A not-to-miss stop on the artistic route “Romanino in Camonica Valley”, this church (deconsecrated at the end of the 19th century) has become a national monument in 1910. After entering by the stunning Renaissance door, the interior showcases frescoes by Pietro da Cemmo (late 15th century), the large altarpiece by Callisto Piazza (1527), and the cycle dedicated to St. Daniel the Prophet’s made by Gerolamo Romanino (1536-37).
An interesting fact about the church is that before becoming a monument, the building was used to shelter military troops passing by the region and was even used as a cinema.
In a building by the Cerveno parish church are the 14 Via Crucis (or Santa Crus) chapels, one of the most significant examples of local art and faith in the whole Alpine Arc. This invaluable work every year attracts thousands of pilgrims who come to admire the 198 full-size wooden and plaster statues carved in mid-18th century by Beniamino Simoni and his emotional interpretation of the Passion of Christ. Careful restoration work has been under way for a few years to restore the most deteriorated chapels.
Learn more about Via Crucis Shrine.
Naquane Rock Engraving National Park was created in 1955 and was the first archeological park in Italy. It includes as many as 104 engraved rocks with images that have become the symbols of rock art in Camonica Valley. These engravings were made between the Neolithic (5th-4th millenium b.C.) and the Iron Age (1st millenium b.C.) One of the most famous rocks is Rock no. 1 with its incredible display of about 1,000 engraved figures.
The park covers over 14 hectares of wonderful forest and is divided into 5 itineraries with information signs along the way. The site is one of the eight parks listed as UNESCO Heritage Site no. 94, “Rock Art in Camonica Valley”.
Hosted in Villa Agostani (16th century), a bishop seminary in the old centre of Capo di Ponte, the museum gathers remarkable testimonies of the civilisations that inhabited Camonica Valley during Prehistory and Protohistory. There are steles, ceramic artifacts, grave goods, domestic objects, and other items found during archeological excavations in the area. This is a must-see for those who want to better understand the immense heritage of the rock engravings.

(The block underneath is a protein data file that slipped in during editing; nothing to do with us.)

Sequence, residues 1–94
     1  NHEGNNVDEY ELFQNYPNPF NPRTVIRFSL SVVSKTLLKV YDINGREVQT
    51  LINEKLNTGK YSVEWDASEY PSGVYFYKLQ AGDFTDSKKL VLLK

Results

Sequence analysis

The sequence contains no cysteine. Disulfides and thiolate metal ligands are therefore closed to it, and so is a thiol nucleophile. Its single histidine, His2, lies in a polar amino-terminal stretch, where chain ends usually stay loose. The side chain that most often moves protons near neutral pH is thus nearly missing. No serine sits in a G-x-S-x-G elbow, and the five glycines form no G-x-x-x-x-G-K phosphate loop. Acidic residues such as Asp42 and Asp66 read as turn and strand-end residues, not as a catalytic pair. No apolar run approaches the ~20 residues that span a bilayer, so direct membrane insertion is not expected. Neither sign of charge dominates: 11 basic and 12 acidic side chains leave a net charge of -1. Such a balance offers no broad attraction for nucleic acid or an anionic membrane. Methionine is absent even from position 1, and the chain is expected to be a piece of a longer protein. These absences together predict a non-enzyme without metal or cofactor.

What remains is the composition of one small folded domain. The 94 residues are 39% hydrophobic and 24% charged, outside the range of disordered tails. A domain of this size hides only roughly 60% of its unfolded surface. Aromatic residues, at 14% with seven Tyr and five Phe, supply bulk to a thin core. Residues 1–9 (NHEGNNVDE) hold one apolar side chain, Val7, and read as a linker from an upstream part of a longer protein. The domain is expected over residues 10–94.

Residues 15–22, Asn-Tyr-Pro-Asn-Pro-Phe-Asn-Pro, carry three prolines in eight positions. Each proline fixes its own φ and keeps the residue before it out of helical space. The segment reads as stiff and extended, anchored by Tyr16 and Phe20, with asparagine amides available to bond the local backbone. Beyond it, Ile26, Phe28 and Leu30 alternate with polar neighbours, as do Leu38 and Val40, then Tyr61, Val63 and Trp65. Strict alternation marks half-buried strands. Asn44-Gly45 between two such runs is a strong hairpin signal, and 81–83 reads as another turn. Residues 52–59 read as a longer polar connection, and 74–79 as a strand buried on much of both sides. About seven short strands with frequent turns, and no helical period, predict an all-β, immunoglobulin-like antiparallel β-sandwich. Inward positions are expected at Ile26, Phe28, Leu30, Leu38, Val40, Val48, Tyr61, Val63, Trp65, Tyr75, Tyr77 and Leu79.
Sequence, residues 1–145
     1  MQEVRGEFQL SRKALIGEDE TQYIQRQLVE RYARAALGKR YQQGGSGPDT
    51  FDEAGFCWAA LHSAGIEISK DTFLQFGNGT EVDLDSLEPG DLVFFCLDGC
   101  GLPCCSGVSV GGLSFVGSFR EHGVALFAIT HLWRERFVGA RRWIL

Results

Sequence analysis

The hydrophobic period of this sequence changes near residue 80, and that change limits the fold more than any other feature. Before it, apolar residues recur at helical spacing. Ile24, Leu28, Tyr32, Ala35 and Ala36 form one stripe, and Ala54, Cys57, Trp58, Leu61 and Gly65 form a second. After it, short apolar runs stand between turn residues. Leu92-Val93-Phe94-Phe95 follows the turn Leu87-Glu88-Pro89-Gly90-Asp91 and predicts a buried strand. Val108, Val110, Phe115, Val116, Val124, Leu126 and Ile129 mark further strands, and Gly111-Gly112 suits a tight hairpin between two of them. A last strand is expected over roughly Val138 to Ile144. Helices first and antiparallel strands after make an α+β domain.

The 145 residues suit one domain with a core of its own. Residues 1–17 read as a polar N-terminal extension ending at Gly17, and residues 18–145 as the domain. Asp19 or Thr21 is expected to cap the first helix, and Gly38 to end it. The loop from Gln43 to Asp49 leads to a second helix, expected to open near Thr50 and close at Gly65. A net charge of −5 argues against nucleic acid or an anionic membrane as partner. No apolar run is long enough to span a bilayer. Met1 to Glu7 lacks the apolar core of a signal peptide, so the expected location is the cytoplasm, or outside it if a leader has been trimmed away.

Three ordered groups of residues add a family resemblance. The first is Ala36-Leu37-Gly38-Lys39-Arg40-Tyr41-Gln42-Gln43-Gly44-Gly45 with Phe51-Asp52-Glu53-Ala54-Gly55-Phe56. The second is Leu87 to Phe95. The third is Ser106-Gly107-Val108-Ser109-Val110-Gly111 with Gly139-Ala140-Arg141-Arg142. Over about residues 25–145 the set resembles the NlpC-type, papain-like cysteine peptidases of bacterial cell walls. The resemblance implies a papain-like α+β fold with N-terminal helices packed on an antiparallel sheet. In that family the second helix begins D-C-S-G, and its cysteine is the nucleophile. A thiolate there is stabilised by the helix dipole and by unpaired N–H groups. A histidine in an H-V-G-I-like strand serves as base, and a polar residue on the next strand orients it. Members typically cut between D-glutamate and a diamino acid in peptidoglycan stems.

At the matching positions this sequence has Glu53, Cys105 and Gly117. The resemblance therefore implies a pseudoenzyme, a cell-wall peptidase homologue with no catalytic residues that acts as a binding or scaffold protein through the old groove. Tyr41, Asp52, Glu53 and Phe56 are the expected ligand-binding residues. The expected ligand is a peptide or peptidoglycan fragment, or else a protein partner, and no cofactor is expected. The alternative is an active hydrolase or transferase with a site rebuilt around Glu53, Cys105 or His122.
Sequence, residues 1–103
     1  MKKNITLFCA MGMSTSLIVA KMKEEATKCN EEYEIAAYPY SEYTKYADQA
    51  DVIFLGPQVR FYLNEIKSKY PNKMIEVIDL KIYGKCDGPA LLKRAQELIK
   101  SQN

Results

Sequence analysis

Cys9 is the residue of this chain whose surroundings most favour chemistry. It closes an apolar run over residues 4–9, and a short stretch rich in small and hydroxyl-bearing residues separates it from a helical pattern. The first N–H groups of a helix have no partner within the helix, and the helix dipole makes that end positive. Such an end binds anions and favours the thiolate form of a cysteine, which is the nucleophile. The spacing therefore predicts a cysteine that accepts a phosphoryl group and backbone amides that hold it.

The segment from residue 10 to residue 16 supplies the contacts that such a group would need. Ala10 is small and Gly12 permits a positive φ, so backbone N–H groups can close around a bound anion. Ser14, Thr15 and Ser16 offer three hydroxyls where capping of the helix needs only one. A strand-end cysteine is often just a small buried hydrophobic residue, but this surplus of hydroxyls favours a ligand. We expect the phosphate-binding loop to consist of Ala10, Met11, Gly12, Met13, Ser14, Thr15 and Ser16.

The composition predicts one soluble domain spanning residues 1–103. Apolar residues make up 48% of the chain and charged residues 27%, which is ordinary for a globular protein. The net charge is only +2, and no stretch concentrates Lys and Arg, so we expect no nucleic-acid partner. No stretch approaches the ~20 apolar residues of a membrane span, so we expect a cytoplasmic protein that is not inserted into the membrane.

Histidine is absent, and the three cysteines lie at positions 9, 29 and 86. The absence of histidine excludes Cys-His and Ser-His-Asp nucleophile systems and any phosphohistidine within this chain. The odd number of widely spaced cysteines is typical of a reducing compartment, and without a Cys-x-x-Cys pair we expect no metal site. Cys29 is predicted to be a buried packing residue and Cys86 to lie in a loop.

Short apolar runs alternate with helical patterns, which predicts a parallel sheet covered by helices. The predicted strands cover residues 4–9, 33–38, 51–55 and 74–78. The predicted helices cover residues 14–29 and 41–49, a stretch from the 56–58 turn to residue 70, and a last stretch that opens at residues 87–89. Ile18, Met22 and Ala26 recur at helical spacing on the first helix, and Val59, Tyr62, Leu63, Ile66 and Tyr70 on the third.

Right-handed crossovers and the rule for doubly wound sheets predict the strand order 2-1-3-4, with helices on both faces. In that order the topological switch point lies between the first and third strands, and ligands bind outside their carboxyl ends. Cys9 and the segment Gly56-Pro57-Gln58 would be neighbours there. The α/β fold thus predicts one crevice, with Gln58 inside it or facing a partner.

True gems of Romanesque style in Camonica Valley (11th and 12th centuries), the Romanesque church of San Siro is built directly on the rock perched over the river and has a magnificent door, 15th-16th century frescoes, and a crypt.
The only remaining portion of a larger complex, the Church of San Salvatore Monastery is a unique testimony of the presence of Cluniac monks in Camonica Valley. It’s characterised by an octagonal lantern and is surrounded by vegetation. Inside, it has an officinal garden with precious medicinal plants used as early as the Middle Ages.
Learn more about the Romanesque churches of San Siro and San Salvatore.
A small gem in the historic centre of Edolo, this church contains beautiful wooden statues and a marvellous fresco cycle attributed to Paolo da Cailina the Young about the life and history of St. John the Baptist. It is considered one of the most important 16th century painting cycles in the province of Brescia.
Created in 1974 through the dedication of a group of friends, the museum displays artifacts, objects, and documents from World War I – which was called Guerra Bianca (White War) in Camonica Valley’s mountains because it was fought on the snow covering the Adamello mountain range. The museum is a renowned and appreciated research and cultural hub: it has a room for temporary exhibits, a conference room, an educational room, and a library-archive dedicated to the Great War.
Built on a terrace in the historic centre of Ponte di Legno, Santissima Trinità church can be accessed through two staircases that end with an elegant balcony offering a lovely view of the town. Visitors are welcomed by the façade decorated with large frescoes of Saints and the Most Holy Trinity over the door. Inside are works by Giovan Battista Ramus and sculptor Ettore Calvelli.
Click here to download all the cultural itineraries in Camonica Valley.